In the past, extended families lived together or in close proximity, with various family members participating in the raising of children. As we have become more mobile and our birthrate lower, the extended family living together has become more rare. Longer lifespans and better healthcare have also encouraged older Americans to be more active and less tied to their homes and grandchildren. The nuclear family and the single-parent family has become more the rule. Nevertheless, grandparents have continued to maintain a stake in their grandchildren’s lives and have sometimes used the courts to obtain visitation and even custody of those grandchildren.
In 2000, the U.S. Supreme Court decided Troxel v. Granville, 530 U.S. 57 (2000), finding that, as applied, the Washington statute giving third parties the right to seek court ordered visitation despite opposition from a fit parent violated substantive due process by allowing governmental interference with a parent’s constitutional right to raise her children as she saw fit. As applied to the facts of that case, the state statute did not pass the strict scrutiny test.
The same year, the Illinois Supreme Court rendered a similar ruling in Lulay v. Lulay, 193 Ill.2d 455 (2000). In Lulay the parents were divorced, but both opposed visitation by the paternal grandmother. The Illinois statute was determined, as applied to the facts of that case, to create an unconstitutional infringement on the parents’ right to control the upbringing of their children.
Then, in 2002, the Illinois Supreme Court, in Wickham v. Byrne, 199 Ill.2d 309 (2002), went beyond Lulay and found the sections authorizing grandparent petitions for visitation and custody to be facially unconstitutional because of their failure to defer to the decision-making of “fit” parents.
Following Wickham, the legislature amended the statutes to qualify the right of grandparents, or other persons, to pursue a petition for visitation or custody, by building in a presumption of fitness of a parent to deny visitation. It also added a requirement for certain petitioners that the child not be in the custody of a parent when a custody petition was filed. P.A. 93-1026 (2004).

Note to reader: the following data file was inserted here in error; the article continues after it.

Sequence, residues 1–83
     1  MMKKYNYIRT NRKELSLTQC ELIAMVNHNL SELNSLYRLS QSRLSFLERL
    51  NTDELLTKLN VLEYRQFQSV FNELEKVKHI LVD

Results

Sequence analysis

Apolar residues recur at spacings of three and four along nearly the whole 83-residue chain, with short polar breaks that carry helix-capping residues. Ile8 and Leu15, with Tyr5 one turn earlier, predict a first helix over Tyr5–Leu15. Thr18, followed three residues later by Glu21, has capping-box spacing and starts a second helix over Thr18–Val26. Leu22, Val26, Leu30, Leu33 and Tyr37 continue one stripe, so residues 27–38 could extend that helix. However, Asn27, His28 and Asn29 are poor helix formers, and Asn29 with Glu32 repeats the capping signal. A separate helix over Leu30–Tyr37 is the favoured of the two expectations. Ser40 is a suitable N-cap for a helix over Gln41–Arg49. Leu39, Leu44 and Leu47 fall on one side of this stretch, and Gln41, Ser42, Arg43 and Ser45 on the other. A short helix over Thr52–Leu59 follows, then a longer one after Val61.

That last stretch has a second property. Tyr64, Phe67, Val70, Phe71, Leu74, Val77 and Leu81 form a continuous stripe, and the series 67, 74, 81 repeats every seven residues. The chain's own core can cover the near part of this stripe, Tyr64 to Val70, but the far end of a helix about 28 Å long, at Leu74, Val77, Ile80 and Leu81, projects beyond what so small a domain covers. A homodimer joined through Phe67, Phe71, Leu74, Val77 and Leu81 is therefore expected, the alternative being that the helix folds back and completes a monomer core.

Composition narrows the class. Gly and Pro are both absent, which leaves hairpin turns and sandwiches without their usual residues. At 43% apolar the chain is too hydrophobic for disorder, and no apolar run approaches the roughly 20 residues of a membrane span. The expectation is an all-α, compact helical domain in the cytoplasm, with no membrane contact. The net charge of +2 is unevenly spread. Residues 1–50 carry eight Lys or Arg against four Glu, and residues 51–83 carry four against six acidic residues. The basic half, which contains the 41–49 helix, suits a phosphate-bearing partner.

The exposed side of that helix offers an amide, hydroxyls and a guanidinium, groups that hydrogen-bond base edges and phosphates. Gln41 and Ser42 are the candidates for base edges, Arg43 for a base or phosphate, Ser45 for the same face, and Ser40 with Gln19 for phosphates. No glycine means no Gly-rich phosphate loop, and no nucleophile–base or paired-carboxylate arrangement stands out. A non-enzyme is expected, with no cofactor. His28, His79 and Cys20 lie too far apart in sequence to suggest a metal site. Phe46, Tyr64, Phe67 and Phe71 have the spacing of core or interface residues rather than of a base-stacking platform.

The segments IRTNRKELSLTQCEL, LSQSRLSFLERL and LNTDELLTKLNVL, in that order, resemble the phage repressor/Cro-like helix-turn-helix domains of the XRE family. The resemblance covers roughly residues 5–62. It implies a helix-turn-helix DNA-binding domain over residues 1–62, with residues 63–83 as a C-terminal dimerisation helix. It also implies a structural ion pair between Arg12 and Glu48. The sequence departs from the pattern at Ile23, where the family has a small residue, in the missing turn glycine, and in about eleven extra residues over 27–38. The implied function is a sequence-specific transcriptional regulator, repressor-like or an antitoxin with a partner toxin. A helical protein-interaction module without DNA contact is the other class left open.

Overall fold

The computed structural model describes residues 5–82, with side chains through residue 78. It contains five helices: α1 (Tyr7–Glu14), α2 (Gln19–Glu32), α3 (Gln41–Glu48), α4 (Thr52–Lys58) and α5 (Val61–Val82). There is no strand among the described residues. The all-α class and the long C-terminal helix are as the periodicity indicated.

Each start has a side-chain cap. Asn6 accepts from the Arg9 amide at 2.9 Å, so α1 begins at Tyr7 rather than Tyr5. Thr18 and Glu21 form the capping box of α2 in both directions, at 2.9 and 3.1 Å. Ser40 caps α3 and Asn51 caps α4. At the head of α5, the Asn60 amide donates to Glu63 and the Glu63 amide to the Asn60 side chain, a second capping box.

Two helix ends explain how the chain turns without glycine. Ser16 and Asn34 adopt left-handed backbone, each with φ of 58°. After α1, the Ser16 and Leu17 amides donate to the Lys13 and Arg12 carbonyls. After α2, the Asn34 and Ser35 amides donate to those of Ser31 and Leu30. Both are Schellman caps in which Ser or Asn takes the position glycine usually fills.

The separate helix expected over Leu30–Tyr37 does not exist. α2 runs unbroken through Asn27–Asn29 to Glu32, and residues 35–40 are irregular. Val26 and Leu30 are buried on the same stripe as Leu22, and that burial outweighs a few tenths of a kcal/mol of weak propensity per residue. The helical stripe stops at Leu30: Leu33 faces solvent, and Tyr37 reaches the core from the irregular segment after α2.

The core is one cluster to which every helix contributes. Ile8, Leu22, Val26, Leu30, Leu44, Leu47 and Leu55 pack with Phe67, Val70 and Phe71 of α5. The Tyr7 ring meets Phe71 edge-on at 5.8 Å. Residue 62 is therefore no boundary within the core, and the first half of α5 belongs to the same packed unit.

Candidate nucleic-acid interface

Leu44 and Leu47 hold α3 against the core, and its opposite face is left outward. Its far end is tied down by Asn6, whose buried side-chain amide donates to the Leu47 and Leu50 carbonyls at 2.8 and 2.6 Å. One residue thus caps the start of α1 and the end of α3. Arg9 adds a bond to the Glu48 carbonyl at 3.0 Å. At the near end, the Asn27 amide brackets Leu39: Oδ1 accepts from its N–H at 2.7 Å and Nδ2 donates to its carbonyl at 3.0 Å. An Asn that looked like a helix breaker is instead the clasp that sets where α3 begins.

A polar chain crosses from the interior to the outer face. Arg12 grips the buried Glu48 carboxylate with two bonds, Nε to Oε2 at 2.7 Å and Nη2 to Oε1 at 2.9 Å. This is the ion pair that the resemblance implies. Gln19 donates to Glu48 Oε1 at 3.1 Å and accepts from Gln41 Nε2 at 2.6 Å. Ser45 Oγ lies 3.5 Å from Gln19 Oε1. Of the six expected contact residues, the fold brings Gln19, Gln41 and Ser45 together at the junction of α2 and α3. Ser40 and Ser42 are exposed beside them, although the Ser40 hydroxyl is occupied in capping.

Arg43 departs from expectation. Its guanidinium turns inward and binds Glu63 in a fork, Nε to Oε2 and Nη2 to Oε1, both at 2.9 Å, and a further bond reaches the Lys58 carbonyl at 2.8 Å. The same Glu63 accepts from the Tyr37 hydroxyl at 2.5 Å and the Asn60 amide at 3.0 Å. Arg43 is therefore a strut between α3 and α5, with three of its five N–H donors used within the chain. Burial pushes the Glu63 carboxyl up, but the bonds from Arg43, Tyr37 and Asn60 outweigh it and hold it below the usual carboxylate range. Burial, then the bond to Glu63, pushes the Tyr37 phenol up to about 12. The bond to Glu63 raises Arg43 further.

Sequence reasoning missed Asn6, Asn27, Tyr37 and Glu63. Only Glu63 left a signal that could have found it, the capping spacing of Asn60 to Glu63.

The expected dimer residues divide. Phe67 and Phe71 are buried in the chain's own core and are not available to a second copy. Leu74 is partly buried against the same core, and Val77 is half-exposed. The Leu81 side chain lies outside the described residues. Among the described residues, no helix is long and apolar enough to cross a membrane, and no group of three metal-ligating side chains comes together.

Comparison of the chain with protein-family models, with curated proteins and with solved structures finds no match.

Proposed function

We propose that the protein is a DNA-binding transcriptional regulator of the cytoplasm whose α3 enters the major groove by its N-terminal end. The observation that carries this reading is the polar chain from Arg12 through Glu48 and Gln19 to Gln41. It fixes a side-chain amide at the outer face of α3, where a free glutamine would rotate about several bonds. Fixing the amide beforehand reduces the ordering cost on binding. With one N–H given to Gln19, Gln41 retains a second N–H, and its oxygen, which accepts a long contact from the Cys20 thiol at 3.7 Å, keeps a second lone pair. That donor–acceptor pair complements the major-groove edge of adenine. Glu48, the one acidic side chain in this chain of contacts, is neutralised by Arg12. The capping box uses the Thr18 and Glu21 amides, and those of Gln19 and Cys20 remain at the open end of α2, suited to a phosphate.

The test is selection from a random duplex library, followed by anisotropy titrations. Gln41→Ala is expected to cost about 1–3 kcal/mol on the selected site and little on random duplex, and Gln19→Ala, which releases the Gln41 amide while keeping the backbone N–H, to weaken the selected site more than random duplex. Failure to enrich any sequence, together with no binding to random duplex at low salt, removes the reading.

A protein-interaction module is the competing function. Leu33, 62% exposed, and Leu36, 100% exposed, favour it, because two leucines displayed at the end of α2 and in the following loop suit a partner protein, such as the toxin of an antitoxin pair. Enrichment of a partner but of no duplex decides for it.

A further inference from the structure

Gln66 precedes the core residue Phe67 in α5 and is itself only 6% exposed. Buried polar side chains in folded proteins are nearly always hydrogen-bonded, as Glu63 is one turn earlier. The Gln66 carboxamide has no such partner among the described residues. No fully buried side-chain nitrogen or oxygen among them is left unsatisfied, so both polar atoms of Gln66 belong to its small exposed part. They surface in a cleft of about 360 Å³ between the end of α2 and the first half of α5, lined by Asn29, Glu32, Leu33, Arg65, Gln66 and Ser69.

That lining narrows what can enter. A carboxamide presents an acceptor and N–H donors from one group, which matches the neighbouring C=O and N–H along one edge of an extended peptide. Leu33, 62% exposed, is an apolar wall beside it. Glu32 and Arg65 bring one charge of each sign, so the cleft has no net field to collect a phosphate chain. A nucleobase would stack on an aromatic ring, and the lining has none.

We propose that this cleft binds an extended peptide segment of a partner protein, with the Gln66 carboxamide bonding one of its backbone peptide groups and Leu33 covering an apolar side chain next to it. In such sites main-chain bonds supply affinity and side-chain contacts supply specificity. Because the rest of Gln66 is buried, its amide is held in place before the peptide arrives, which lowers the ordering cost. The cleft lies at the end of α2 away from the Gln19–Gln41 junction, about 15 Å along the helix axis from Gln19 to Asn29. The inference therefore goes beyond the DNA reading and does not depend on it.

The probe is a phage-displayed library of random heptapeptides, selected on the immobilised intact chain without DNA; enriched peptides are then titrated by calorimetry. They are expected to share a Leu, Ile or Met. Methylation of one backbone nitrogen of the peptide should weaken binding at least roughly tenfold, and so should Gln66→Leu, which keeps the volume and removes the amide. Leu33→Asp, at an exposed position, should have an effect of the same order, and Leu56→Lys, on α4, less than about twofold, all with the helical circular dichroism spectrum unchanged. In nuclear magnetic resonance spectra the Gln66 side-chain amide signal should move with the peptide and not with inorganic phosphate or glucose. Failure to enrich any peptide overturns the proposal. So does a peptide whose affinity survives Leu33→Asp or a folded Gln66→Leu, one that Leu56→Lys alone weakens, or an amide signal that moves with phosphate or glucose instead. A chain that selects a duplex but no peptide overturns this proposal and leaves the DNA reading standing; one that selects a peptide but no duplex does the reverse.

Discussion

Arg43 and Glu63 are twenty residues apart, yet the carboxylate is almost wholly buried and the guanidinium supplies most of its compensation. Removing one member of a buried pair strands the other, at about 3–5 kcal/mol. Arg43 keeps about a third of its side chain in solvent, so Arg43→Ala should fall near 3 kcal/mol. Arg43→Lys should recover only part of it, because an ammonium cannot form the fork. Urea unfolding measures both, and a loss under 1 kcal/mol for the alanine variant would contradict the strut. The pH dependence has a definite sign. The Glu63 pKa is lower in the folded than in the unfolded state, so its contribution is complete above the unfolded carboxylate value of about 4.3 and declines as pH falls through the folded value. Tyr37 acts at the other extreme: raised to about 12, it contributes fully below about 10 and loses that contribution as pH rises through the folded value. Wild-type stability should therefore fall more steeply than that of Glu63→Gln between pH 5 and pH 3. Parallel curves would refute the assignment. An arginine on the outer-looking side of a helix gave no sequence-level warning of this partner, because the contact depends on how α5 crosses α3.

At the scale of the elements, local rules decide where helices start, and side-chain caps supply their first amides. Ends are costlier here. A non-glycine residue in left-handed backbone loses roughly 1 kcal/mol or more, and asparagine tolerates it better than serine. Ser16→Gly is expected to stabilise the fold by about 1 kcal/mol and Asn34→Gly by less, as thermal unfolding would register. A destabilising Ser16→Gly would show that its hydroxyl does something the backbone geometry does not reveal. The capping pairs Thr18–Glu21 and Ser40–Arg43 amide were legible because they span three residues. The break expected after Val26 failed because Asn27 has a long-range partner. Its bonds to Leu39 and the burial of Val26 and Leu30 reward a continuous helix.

The challenge, therefore, in representing grandparents is to establish standing, under the current statute without running afoul of the constitutional standards. Typically, since Troxel and Wickham, grandparent custody cases arise either when one of the child’s biological parents is deceased, or when a grandparent who was already caring for the child on a full-time, though informal, basis seeks to establish legal rights over the child.
Because of parents’ superior rights over the custody and control of their children, grandparents and other third parties seeking custody of a child must first demonstrate that they have standing to bring an action. Two provisions of the Illinois Marriage and Dissolution of Marriage Act (IMDMA) may apply: Section 601(b)(2) allows a person other than a parent to seek custody of a child only if the child “is not in the physical custody of one of his parents;” Section 601(b)(4) allows a grandparent to file a petition for custody if their child or step-child is the deceased parent of the child in question and one or more of the following facts existed at the time of the parent’s death: A. The surviving parent had been absent from the home for more than a month with whereabouts unknown; B. The surviving parent was in State or Federal custody; C. The surviving parent had been convicted of or received supervision for certain criminal acts toward the deceased parent or child or violated on Order of Protection for the deceased parent or child.